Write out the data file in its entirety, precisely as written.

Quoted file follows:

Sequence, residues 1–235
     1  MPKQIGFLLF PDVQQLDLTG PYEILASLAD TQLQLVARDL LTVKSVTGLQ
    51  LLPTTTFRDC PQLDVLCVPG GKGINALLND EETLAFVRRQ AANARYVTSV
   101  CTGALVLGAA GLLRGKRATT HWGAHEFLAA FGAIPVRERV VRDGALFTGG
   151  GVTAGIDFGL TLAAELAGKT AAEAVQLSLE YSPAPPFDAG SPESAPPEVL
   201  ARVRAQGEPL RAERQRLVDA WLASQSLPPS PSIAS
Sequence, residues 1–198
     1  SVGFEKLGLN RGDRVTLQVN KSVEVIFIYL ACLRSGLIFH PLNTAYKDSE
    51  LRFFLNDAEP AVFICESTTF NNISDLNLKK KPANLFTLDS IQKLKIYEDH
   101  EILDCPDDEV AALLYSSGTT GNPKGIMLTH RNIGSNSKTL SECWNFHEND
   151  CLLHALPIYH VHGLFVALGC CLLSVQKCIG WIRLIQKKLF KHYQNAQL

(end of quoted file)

Sequence, residues 1–235
     1  MPKQIGFLLF PDVQQLDLTG PYEILASLAD TQLQLVARDL LTVKSVTGLQ
    51  LLPTTTFRDC PQLDVLCVPG GKGINALLND EETLAFVRRQ AANARYVTSV
   101  CTGALVLGAA GLLRGKRATT HWGAHEFLAA FGAIPVRERV VRDGALFTGG
   151  GVTAGIDFGL TLAAELAGKT AAEAVQLSLE YSPAPPFDAG SPESAPPEVL
   201  ARVRAQGEPL RAERQRLVDA WLASQSLPPS PSIAS
Sequence, residues 1–198
     1  SVGFEKLGLN RGDRVTLQVN KSVEVIFIYL ACLRSGLIFH PLNTAYKDSE
    51  LRFFLNDAEP AVFICESTTF NNISDLNLKK KPANLFTLDS IQKLKIYEDH
   101  EILDCPDDEV AALLYSSGTT GNPKGIMLTH RNIGSNSKTL SECWNFHEND
   151  CLLHALPIYH VHGLFVALGC CLLSVQKCIG WIRLIQKKLF KHYQNAQL